FOMC Meeting Minutes Surprise The Markets
And now… today’s Pfennig for your thoughts…
Good day, and a tub thumpin’ Thursday to you!
Well, just when I thought, and the markets pretty much thought, that a Fed rate hike in June had a slim chance of taking place, and Slim had left town, along came the Fed Speakers, followed by their April FOMC Meeting Minutes. Who knew the minutes would prove to be hawkish?
After the April Fed meeting Chair Janet Yellen sounded like someone that had lost their puppy, as she was deemed to be very dovish, and almost apologetic for hiking rates to begin with. But the meeting minutes proved that this stature taken by Yellen after the meeting and again a week later when she spoke in public, was just a way to throw the markets off the scent of another rate hike.
The dollar bugs are dancing in the street and crushing the currencies and metals this morning folks, and it’s all about the meeting minutes so, let’s look at what they said and then I’ll dissect it. Among a lot of other things that were dovish, this comment caught my attention:
Most participants judged that if incoming data were consistent with the economic growth picking up in the second quarter and the labor market conditions continuing to strengthen, and inflation making progress toward the Committee’s 2% objective, it likely would be appropriate for the Committee to increase the target range for the federal funds rate in June.
I underlined the comment about the labor market conditions continuing to strengthen because it’s a load of crock! I pointed out to you last week that the Labor Market Conditions Index (LMCI) had fallen for the fourth consecutive month! But the Fed members seem to be on a mission from God, and are hell bent and whiskey bound to hike rates in June. Why you ask? Well, September would be too close to the election, heaven forbid they hike rates and be accused of being political. And I guess the fed members haven’t checked their emails lately to see that both HUGE Retailers, Target and Home Depot announced that consumption is faltering heading into the second QTR.
They even made notes in the minutes about how some participants were concerned that market participants may not have properly assessed the likelihood of an increase in the target range at the June Meeting. They then made a note about the importance of communicating clearly this to the markets. And now you know why Williams and Lockhart were so hawkish in their speeches on Tuesday. I thought it pretty strange that these two members who normally lean to the doves side of the isle, were so hawkish. It was all in the plan. Can you see Janet Yellen wringing her hands and saying, I’ll get you markets, for not taking us seriously. HA!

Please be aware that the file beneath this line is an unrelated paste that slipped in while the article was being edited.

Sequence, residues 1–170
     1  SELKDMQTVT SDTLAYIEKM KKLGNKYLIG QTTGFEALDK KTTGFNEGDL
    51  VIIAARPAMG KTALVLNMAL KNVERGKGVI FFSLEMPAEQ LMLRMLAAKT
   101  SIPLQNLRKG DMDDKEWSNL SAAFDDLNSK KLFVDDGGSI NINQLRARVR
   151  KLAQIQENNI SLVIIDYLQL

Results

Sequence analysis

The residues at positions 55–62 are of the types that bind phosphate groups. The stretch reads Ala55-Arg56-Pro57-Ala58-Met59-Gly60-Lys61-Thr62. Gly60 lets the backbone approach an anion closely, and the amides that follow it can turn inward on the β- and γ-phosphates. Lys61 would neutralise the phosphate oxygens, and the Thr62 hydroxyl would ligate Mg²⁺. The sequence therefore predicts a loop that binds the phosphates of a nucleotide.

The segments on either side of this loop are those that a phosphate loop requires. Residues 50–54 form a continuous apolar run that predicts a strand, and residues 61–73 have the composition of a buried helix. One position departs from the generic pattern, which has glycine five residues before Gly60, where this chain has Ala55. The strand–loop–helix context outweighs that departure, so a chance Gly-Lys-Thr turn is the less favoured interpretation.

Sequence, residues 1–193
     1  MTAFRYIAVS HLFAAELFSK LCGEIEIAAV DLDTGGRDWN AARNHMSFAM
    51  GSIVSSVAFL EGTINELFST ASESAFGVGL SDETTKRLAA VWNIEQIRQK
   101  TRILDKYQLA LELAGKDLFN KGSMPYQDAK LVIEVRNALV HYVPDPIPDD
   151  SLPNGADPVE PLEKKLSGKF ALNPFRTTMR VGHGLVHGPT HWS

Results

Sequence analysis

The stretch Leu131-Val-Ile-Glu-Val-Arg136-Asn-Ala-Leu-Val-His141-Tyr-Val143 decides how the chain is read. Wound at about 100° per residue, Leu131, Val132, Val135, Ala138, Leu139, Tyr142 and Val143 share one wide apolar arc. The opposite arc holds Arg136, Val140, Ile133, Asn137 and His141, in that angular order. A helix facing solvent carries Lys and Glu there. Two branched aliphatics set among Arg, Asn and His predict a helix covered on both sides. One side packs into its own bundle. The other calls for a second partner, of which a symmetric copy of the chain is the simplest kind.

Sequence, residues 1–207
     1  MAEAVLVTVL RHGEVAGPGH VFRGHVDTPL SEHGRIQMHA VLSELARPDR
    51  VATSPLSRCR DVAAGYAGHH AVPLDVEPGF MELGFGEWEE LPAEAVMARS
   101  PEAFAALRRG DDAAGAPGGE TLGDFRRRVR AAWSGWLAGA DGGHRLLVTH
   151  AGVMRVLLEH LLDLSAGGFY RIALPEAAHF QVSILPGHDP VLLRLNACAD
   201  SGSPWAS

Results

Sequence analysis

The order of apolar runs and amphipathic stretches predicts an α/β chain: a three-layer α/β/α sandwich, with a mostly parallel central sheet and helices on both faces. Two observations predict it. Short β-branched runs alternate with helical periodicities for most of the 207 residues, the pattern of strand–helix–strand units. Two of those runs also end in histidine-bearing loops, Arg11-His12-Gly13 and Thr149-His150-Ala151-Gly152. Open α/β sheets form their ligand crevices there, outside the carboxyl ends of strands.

I guess this is a good place to talk about my new whipping boy, Central Banks. On Tuesday I gave you a hint of what I was going to focus on in the June Review & Focus regarding Central Banks. Then yesterday I ran across some thoughts that just played so well with my thought that Central Banks have lost control, that they do desperately want and need (according to them). If they haven’t lost control then explain these things:
Growth, which was high, is now low. And there’s no excuse by the Krugman and Summers of the economist world as to why that is.
Inflation, which was bad, and everywhere, is now good and nowhere. What on earth are these Central Banks doing here? Haven’t they ever heard of the saying, “let sleeping dogs (inflation) lie”?
Helicopter Money Drops, which were mad, are now sane?
And getting back to inflation… Central Banks used to fight and prevent inflation, now try to cause it.
Tell me that you think they’re all on the right track and that this will all work out just fine, and I’ll send the paper work over to sell you a piece of swamp land I have.
I’ve seen days like this, but haven’t seen one in a while. A day where the dollar kicks tail and takes names later. And again, I have to think that so-called Shanghai Accord has now been deep sixed, thrown in the circular bin, and is a forgotten piece of paper. The euro has dropped to 1.1205, and 1.1080 is the 200-day moving avg. It could very well slip through there today, given the dollar’s momentum. Yen is within’ spittin’ distance of 110, and the Aussie dollar (A$) continues to take on water, even though their latest employment report was solid.
The lone wolf of the major currencies that is rallying vs. the dollar this morning is pound sterling. It’s pretty interesting that just yesterday I told you that the pound could see a rally when the BREXIT referendum was put to bed, and Britain remained in the European Union/EU. And traders beat the referendum to the punch! The latest polls show the “don’t leave” vote widening its lead vs. the “leave” vote. So, this is a case of buy the rumor, and probably sell the fact in June.